Routing around the desktop
by Richard Hillesley
The nature of the enterprise desktop is changing, and the emphasis now is on instant accessibility, mobility and flexibility - attributes which Linux, on the server, desktop, netbook or mobile device, is well placed to provide
In a world on the move, a fast and elegant browser is the key to open every door. The network is the computer, and everything you need can be accessed from the cloud, which may reside at the hub of the LAN or across the wider network.
In such a world, the static PC on the desktop of every worker becomes less a necessity than a supplement to the working environment. Applications which once were stored on each and every device can be accessed over the airwaves or through the wires, and the capacity of the local hardware becomes less important - the local device can be a thin client, a full blown workstation or a smart phone.
The hard work is done by the server, and the permitted user can log-in from anywhere, at any time, from any device. The benefits for the organisation come from server consolidation and a massive reduction in costs on hardware, energy, storage, server sprawl and leakage of data.
In these circumstances, the breakthrough for Linux comes from its strength in the server space and on mobile devices, smart phones and netbooks, rather than fighting its corner on the traditional desktop, where the market is entrenched and is characterised by single vendor lock-in and interoperability log-jams.
This is the context behind the recent much quoted remark of Jim Whitehurst, the CEO of Red Hat, that "the concept of a desktop is kind of ridiculous in this day and age."
Where the puck is going
IBM takes a similar view. The policy is not so much that Linux can't do the desktop - IBM has been responsible for some massive Linux desktop migrations - but that mass adoption is just as likely to come through other routes at a time when diversity, cost, connectivity and conformance to standards are becoming the bigger issues. Whitehurst explained Red Hat's long held reservations about the economic viability of pushing Linux on the traditional desktop with an analogy from ice hockey.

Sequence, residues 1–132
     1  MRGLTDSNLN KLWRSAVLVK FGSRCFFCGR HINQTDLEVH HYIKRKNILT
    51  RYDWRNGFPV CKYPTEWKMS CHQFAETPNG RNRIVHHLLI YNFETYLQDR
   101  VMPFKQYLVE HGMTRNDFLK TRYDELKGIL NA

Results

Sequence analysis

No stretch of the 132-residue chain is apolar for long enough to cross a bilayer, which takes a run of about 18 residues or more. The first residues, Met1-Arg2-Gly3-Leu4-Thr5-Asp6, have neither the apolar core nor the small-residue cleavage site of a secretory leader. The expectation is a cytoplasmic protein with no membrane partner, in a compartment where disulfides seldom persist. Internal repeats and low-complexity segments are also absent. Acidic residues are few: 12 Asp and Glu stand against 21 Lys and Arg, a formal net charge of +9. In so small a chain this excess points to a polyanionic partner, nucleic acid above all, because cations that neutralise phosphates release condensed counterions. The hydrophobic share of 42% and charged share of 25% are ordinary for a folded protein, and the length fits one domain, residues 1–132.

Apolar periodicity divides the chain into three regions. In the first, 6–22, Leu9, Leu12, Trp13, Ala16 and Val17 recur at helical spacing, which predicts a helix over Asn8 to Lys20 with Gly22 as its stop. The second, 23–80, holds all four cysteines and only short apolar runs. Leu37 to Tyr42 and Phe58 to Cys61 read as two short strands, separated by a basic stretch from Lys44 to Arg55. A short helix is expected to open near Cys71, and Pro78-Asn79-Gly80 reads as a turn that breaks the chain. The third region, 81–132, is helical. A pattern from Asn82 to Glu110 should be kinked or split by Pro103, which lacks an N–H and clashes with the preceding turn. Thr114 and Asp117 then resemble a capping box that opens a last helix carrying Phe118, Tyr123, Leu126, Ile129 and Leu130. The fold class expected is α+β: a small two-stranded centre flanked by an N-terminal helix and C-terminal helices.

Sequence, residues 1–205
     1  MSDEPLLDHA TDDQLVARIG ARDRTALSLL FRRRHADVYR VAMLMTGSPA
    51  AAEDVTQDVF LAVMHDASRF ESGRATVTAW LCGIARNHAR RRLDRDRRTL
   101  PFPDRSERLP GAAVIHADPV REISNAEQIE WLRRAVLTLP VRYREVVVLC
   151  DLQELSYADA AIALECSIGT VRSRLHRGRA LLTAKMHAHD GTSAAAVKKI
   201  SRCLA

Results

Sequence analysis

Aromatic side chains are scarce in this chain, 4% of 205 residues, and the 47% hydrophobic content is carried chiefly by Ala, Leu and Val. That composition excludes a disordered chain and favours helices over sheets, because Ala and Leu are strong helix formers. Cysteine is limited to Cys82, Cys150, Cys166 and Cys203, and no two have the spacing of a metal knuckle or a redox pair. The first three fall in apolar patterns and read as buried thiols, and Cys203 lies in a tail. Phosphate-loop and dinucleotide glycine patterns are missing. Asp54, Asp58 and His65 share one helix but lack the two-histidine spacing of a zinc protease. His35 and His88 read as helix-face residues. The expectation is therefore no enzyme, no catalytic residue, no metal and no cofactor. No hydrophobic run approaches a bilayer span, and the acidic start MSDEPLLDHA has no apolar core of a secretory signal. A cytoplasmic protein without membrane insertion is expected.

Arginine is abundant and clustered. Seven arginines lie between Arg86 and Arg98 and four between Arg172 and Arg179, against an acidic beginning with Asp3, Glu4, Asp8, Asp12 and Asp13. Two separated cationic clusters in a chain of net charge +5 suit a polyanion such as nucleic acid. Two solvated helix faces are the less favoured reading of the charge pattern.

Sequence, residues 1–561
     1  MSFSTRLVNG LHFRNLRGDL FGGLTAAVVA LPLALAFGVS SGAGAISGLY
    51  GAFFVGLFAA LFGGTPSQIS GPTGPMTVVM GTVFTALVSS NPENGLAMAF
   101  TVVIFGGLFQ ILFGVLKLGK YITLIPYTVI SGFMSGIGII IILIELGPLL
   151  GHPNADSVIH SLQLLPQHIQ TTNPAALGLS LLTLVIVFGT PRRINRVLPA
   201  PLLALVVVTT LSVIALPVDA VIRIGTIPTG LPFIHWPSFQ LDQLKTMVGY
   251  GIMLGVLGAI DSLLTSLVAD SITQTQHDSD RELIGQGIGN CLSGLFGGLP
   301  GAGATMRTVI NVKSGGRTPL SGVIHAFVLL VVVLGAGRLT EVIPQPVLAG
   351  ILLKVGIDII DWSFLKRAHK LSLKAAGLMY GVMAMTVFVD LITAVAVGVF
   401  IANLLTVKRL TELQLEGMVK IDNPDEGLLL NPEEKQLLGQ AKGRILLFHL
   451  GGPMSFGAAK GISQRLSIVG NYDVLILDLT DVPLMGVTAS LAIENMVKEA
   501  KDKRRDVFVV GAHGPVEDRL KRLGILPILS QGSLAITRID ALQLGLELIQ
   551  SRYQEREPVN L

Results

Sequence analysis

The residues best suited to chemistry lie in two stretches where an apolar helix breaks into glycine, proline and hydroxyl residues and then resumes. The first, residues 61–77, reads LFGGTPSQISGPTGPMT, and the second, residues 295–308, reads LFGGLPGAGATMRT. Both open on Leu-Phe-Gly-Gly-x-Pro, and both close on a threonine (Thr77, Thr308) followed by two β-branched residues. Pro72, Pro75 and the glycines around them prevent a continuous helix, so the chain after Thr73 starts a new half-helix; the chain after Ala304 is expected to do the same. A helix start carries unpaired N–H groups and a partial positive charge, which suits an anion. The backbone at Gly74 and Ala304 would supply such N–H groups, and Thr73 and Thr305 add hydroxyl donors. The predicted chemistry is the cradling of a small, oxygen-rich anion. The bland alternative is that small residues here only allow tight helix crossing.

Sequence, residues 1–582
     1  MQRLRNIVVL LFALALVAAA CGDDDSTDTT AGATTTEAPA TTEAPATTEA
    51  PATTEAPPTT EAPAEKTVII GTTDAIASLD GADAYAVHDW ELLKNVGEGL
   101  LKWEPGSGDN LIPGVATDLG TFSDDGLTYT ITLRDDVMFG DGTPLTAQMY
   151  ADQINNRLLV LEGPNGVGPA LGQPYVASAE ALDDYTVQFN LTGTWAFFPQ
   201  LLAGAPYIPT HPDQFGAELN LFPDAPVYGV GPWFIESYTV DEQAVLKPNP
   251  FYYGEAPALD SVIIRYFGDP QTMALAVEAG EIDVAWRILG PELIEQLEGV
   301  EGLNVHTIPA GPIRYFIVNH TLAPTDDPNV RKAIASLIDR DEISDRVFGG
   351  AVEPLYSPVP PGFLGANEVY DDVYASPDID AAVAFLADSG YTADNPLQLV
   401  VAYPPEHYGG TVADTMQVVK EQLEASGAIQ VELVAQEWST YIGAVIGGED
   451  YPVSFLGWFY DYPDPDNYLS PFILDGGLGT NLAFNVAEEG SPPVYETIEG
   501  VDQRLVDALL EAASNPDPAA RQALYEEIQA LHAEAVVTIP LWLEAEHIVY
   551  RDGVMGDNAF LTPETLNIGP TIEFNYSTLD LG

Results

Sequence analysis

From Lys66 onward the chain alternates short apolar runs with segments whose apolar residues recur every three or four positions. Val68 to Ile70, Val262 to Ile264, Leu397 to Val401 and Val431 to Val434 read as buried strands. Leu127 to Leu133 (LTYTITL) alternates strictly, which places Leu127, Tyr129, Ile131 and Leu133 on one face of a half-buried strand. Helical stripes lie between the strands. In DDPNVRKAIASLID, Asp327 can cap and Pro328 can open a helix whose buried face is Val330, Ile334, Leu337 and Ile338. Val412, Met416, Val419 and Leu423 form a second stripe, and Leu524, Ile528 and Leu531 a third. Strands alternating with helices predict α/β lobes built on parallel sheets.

"I'd rather think about skating to where the puck is going to be," he is reported to have said, "than where it is now."
Source: Joi - (CC) This isn't necessarily a new perspective from Red Hat's point of view, despite the fact that Red Hat has an enterprise desktop offering with which it has had some success. As far back as 2001, Bob Young, one of the founders and former CEO of Red Hat, said: "If your priorities are reliability and reducing the administrative costs of your desktop users, then you should absolutely consider Linux-based solutions. But on a bigger picture level we're not interested in reinventing the desktop technology market, because it is 1980s technology." Red Hat's approach to winning the desktop market is to route around the desktop.
A similar subtext informs Jim Zemlin's blog on the successes for the Linux desktop at Computex in Taiwan, where Zemlin touts the Dell netbook, Intel's purchase of Wind River, and Palm's new smartphone as big wins for the Linux desktop.